Rises and advancesThis is the amount by which bids increase during an auction and is usually determined by the auctioneer. A bidder doesn’t have to follow these rules, but the auctioneer can reject a bid if they think it hasn’t advanced the price enough.

ReserveThe reserve is the price at which the property is considered “on the market” and a winning bid over this price is binding. If bidding doesn’t reach the reserve price, a negotiation between the seller and the highest bidder may take place.

Passed inA property is passed in when the bidding doesn’t reach the seller’s reserve. In most states, if this happens the person who placed the highest bid during the auction has the first right to negotiate a sale price with the seller.
103 Alexandra Street, Bardon

On Auction Day


On auction day, the agent will display documentation around the property at least 30 minutes prior to the scheduled start time.

Before the auction starts, the auctioneer will:

  • read out all the state and federal laws that apply to property auctions, as well as any rules for that specific auction. Though laws differ across Australia, buyers in QLD need to legally register with auctioneers before making a bid
  • disclose if vendor bids will be used

Then, the auction will start by the auctioneer asking for an opening bid. The buyers will then begin to offer.

You will work with the auctioneer to set the increments for bids to rise (normally these start in $5,000 or $10,000 increments) — buyers can propose different amounts and the auctioneer can choose whether or not to accept these bids.


If a property reaches reserve price during the auction, any bid that’s made from that point onwards means ownership of the property.

If the property doesn’t reach its reserve price, the auctioneer may pause the auction to ask you if you want to lower the price or if you’re happy for the property to be passed in.

If you accept the price, there are no more bids.

The auctioneer finishes the auction by announcing: “going once…going twice…going three times…sold!”

What Happens Once The Auction Is Over?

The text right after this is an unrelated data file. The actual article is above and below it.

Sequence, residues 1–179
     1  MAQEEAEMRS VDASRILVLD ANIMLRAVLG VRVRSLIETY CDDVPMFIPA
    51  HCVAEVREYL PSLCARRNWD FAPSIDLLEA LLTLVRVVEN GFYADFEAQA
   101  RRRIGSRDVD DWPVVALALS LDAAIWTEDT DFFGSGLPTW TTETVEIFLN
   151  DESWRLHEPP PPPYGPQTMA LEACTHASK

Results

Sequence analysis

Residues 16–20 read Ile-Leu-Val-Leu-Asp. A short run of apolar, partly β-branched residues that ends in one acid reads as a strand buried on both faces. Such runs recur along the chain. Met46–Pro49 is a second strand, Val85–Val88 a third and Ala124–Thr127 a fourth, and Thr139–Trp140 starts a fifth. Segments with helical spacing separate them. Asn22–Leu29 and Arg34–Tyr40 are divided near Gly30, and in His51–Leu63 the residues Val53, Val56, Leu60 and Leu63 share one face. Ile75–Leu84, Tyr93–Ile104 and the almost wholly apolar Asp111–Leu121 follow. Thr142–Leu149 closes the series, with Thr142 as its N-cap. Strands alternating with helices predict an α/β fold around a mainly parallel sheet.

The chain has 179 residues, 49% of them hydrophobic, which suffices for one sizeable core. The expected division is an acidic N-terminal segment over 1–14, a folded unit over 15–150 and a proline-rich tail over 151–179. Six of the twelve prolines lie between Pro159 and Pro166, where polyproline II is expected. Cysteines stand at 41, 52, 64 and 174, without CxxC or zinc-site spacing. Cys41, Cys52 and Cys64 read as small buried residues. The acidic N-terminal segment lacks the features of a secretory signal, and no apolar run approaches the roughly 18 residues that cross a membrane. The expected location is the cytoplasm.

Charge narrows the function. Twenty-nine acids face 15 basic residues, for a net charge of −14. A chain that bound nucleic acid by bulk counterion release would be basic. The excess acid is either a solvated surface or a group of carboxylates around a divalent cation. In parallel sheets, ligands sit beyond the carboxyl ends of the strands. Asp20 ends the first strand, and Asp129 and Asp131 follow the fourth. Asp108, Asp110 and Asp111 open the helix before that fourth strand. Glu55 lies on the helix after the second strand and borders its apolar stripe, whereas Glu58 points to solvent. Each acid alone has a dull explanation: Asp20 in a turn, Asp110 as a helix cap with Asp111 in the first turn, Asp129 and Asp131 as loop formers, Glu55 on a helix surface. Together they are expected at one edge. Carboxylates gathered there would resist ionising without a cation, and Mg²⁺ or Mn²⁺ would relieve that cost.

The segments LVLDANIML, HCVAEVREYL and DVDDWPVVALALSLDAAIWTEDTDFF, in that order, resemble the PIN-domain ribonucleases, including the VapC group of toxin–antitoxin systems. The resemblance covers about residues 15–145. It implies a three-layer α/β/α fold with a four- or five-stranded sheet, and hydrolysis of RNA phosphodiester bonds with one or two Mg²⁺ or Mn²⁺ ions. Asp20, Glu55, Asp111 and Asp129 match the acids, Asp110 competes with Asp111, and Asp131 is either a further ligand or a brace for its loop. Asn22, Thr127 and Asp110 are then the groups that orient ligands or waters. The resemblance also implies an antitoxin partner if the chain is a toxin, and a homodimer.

If The Property Sells


Once the property has been sold, the buyer is legally required to pay a deposit on-site (usually around 10%) by personal or bank cheque.

You and the buyer will need to sign contracts and agree on a settlement day where the remaining balance of the property is paid. This period is normally 30, 60, or 90 days after the auction ends.

If The Property Is passed In


You don’t need to accept the sale if the bidding didn’t reach your reserve price.

You can choose for the property to be ‘passed in’, which means that the highest bidder gets an exclusive opportunity to negotiate a sale price with the vendor.

If both parties agree on an amount on the day, then the process follows the same as if the property was successfully sold during auction. If the offer isn’t accepted, you can also open the floor up for other buyers to negotiate, or choose to relist the property on the market.

Let Us Help

The home auction process can be stressful, both as a seller and a buyer, but it can also be a rewarding experience, especially if the property is sold.

With the right preparation and planning in place, you can make sure that auction day goes smoothly for everyone involved.


Our team is committed to helping you get the best price for your property, whether selling at auction or by private treaty.

Let us share our expertise.

Call us on 07 3367 3411.

Back to Posts